Twenty-five years ago I was writing an M.A. thesis on separatist fundamentalism in twentieth-century America. One of the key figures in my research was a mid-century fundamentalist named Carl McIntire. (I actually published an article about him in 1994).
As I read secondary sources that mentioned McIntire I was struck by how so many scholars–very good scholars–misspelled his name “McIntyre.” But I digress.
I thought about the McIntire-McIntyre issue when I saw the title of Thomas Kidd‘s recent post at The Gospel Coalition: “The History of Misspelling George Whitefield’s Name.” Kidd, of course, is the author of George Whitefield: America’s Spiritual Founding Father.
Here is a taste:
Whenever the topic of George Whitefield comes up in my classes, I always have to tell the students, “I know it looks like you’d pronounce his last name White-field, but it is pronounced Whit-field.” Therein lies the reason why Whitefield, the greatest evangelist of the 18th century, also has one of the most misspelled names in history. In one of the odd accidents of English pronunciation, Whitefield’s name was not pronounced the way it is spelled. Thus from the beginning of his public career, people have been misspelling Whitefield’s name as “Whitfield….”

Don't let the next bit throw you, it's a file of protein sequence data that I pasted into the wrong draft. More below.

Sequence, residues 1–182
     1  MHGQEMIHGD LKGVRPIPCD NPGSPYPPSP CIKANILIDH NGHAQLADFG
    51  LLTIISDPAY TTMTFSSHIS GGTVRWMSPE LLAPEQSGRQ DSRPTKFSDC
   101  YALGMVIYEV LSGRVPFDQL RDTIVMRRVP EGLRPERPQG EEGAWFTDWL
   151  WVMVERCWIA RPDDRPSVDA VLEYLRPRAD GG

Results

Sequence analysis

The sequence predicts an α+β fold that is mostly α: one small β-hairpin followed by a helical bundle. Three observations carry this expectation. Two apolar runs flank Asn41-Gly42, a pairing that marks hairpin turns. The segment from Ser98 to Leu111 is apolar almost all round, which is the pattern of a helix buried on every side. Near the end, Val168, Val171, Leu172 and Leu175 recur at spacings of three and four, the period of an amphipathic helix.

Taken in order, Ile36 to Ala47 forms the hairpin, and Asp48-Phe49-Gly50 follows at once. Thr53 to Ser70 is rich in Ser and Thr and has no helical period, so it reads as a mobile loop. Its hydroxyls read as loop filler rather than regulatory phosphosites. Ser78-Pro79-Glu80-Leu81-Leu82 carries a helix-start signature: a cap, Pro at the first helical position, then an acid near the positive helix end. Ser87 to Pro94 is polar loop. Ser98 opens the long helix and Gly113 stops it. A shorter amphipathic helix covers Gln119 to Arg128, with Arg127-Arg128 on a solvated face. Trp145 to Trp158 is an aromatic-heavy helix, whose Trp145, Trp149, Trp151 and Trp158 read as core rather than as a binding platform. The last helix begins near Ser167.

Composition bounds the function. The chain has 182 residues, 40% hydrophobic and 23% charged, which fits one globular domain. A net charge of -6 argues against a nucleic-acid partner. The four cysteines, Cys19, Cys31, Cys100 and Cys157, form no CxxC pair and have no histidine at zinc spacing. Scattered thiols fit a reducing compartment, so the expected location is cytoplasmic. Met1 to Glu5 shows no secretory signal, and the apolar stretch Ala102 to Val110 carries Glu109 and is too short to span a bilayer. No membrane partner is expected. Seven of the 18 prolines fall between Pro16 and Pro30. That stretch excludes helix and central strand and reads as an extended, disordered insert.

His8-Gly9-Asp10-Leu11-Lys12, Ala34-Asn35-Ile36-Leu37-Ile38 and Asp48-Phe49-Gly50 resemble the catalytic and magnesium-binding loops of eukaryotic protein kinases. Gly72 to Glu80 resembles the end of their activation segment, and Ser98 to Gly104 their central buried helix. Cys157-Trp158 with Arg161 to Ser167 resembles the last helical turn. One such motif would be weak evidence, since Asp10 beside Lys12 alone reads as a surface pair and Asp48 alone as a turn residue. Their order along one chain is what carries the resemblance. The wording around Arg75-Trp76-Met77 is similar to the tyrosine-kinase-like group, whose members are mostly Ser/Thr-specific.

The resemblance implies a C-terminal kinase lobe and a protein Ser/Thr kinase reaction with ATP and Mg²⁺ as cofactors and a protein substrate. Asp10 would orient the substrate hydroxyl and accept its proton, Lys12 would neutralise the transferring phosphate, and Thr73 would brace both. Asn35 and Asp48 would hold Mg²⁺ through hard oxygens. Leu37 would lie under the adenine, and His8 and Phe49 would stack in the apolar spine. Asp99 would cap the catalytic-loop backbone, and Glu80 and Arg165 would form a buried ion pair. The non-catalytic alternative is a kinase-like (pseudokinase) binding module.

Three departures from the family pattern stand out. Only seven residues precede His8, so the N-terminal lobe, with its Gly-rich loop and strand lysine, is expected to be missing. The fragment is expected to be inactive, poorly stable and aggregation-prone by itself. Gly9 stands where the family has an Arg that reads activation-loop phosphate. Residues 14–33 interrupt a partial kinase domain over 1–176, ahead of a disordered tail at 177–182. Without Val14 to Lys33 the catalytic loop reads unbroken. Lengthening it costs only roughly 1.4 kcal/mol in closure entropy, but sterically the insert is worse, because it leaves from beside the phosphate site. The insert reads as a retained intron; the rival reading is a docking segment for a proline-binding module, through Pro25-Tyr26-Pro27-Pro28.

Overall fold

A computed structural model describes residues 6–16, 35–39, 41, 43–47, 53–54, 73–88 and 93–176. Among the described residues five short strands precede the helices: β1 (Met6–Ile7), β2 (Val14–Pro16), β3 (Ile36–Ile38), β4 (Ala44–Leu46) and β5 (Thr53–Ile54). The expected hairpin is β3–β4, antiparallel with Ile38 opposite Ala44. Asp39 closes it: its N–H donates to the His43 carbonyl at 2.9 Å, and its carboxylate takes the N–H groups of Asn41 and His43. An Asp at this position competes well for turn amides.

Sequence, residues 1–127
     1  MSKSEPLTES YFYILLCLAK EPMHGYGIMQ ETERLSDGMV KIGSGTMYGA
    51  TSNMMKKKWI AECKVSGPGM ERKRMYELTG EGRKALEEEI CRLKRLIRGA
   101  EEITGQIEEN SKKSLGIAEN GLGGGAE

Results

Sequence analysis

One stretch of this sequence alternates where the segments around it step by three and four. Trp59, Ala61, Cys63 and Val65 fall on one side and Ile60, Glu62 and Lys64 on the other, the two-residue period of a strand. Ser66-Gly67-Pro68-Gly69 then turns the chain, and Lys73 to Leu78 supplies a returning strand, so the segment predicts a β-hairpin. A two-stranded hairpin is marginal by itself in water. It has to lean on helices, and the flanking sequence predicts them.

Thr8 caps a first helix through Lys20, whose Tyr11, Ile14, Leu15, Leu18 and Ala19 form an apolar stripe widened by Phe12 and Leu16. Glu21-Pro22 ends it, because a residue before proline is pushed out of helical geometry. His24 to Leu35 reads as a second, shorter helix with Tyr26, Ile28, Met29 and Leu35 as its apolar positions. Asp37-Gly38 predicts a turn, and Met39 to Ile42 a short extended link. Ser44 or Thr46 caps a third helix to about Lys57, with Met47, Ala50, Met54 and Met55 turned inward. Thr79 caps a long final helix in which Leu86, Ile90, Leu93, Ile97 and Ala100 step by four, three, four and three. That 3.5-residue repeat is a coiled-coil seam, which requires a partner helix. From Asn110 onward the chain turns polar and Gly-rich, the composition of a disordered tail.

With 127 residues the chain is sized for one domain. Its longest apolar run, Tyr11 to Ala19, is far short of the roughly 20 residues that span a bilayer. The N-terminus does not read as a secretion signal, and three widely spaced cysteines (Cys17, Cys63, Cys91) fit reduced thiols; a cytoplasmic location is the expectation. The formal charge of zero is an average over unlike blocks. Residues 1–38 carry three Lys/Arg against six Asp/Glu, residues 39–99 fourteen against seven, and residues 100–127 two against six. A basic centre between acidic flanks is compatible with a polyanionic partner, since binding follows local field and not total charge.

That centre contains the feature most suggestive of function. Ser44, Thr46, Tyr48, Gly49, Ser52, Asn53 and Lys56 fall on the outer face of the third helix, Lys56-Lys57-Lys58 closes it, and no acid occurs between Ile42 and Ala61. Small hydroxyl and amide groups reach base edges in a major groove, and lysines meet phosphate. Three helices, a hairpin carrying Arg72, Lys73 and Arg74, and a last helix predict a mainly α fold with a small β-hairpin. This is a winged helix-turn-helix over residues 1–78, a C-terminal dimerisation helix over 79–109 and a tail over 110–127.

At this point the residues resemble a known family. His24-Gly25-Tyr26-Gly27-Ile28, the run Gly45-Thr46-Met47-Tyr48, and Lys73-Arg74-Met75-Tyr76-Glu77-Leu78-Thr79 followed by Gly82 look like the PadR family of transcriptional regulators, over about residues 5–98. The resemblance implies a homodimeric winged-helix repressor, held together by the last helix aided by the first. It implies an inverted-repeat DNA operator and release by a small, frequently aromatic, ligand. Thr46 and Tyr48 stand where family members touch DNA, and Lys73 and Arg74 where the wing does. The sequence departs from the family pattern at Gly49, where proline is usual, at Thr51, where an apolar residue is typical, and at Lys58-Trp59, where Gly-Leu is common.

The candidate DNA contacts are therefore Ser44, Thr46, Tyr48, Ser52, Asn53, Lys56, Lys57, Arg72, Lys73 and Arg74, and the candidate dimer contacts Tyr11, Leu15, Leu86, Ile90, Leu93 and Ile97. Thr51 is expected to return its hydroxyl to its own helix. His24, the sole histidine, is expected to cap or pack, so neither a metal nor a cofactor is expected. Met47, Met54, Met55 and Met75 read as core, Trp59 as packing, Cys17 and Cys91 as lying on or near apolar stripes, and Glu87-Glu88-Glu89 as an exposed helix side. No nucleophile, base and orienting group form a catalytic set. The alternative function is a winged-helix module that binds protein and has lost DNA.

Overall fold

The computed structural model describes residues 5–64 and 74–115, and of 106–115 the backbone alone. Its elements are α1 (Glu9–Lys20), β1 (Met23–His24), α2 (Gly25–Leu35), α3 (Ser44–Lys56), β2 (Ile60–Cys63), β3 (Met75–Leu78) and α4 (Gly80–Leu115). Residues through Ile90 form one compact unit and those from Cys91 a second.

…One of the first misspellings of Whitefield’s name came in one of his first published sermons. In 1737 in London, a publisher produced an edition of what would become one of his signature sermons, The Nature and Necessity of the New Birth, but misspelled his last name. After that, most publishers were clued in to the correct spelling as he became arguably the most famous man in Britain and America during the mid-1700s.
But misspellings continued to pop up occasionally. Sometimes the name would be spelled correctly on the title page but wrongly within a publication. A 1771 Boston edition of John Wesley’s memorial sermon for Whitefield misspelled the name on the title page. (Ironically, Whitefield died in the Boston area in 1770. When word arrived in London, Wesley gave a memorial sermon at Whitefield’s Tottenham Court Road chapel, and the text of it made its way back across the Atlantic, where it was published in Boston, with Whitefield’s name misspelled.)
Read the rest here